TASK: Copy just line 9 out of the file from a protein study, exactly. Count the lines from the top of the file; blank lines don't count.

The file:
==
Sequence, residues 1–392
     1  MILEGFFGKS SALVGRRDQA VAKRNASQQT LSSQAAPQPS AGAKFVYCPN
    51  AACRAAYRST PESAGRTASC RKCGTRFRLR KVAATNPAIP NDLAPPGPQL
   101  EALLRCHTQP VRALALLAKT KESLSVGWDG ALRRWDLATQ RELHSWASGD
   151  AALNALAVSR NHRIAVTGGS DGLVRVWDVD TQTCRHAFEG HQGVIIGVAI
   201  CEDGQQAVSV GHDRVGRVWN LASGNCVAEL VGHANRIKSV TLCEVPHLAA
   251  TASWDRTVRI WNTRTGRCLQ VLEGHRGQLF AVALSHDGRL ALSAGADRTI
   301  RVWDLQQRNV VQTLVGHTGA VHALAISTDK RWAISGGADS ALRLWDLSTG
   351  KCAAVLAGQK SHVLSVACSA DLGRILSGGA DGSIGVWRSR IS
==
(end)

   351  KCAAVLAGQK SHVLSVACSA DLGRILSGGA DGSIGVWRSR IS